T cell epitope clustering in the highly immunogenic BZLF1 antigen of Epstein-Barr virus

Rist, Melissa J, Neller, Michelle A, Burrows, Jacqueline M and Burrows, Scott R (2015) T cell epitope clustering in the highly immunogenic BZLF1 antigen of Epstein-Barr virus. Journal of Virology, 89 1: 703-712. doi:10.1128/JVI.02642-14

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Author Rist, Melissa J
Neller, Michelle A
Burrows, Jacqueline M
Burrows, Scott R
Title T cell epitope clustering in the highly immunogenic BZLF1 antigen of Epstein-Barr virus
Journal name Journal of Virology   Check publisher's open access policy
ISSN 1098-5514
Publication date 2015-01-01
Year available 2014
Sub-type Article (original research)
DOI 10.1128/JVI.02642-14
Open Access Status File (Publisher version)
Volume 89
Issue 1
Start page 703
End page 712
Total pages 10
Place of publication Washington, DC United States
Publisher American Society for Microbiology
Language eng
Formatted abstract
Polymorphism in the human leukocyte antigen (HLA) loci ensures that the CD8+ T cell response to viruses is directed against a diverse range of antigenic epitopes, thereby minimizing the impact of virus escape mutation across the population. The BZLF1 antigen of Epstein-Barr virus is an immunodominant target for CD8+ T cells, but the response has been characterized only in the context of a limited number of HLA molecules due to incomplete epitope mapping. We have now greatly expanded the number of defined CD8+ T cell epitopes from BZLF1, allowing the response to be evaluated in a much larger proportion of the population. Some regions of the antigen fail to be recognized by CD8+ T cells, while others include clusters of overlapping epitopes presented by different HLA molecules. These highly immunogenic regions of BZLF1 include polymorphic sequences, such that up to four overlapping epitopes are impacted by a single amino acid variation common in different regions of the world. This focusing of the immune response to limited regions of the viral protein could be due to sequence similarity to human proteins creating "immune blind spots" through self-tolerance. This study significantly enhances the understanding of the immune response to BZLF1, and the precisely mapped T cell epitopes may be directly exploited in vaccine development and adoptive immunotherapy.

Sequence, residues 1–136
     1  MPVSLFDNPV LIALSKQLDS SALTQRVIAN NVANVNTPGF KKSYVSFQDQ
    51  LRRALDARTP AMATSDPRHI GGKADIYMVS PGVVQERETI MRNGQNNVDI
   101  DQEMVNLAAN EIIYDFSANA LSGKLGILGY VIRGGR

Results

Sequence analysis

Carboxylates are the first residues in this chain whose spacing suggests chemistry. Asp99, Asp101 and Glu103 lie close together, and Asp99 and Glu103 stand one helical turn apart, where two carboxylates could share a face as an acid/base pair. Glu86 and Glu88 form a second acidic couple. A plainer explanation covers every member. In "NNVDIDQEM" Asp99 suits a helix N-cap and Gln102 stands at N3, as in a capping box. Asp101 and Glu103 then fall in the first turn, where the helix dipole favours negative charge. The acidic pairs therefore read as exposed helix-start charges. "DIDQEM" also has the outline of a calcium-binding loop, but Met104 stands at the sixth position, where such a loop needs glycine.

Keyword Peptide motifs
Class-I
Responses
Molecules
Infection
Binding
Protein
EBV
Transactivators
Immunodominance
Q-Index Code C1
Q-Index Status Confirmed Code
Institutional Status UQ

Document type: Journal Article
Sub-type: Article (original research)
Collections: Official 2015 Collection
Official Audit
School of Medicine Publications
 
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